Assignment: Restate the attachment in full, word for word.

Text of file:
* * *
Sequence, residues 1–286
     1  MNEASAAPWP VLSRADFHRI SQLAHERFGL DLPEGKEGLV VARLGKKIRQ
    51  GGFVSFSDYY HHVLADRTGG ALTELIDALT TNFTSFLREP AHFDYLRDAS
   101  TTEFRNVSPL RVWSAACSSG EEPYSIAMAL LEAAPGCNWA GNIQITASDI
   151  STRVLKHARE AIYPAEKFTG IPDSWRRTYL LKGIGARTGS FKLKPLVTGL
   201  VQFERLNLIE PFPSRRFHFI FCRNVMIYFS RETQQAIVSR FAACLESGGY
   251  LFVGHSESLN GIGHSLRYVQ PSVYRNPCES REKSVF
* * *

Sequence, residues 1–286
     1  MNEASAAPWP VLSRADFHRI SQLAHERFGL DLPEGKEGLV VARLGKKIRQ
    51  GGFVSFSDYY HHVLADRTGG ALTELIDALT TNFTSFLREP AHFDYLRDAS
   101  TTEFRNVSPL RVWSAACSSG EEPYSIAMAL LEAAPGCNWA GNIQITASDI
   151  STRVLKHARE AIYPAEKFTG IPDSWRRTYL LKGIGARTGS FKLKPLVTGL
   201  VQFERLNLIE PFPSRRFHFI FCRNVMIYFS RETQQAIVSR FAACLESGGY
   251  LFVGHSESLN GIGHSLRYVQ PSVYRNPCES REKSVF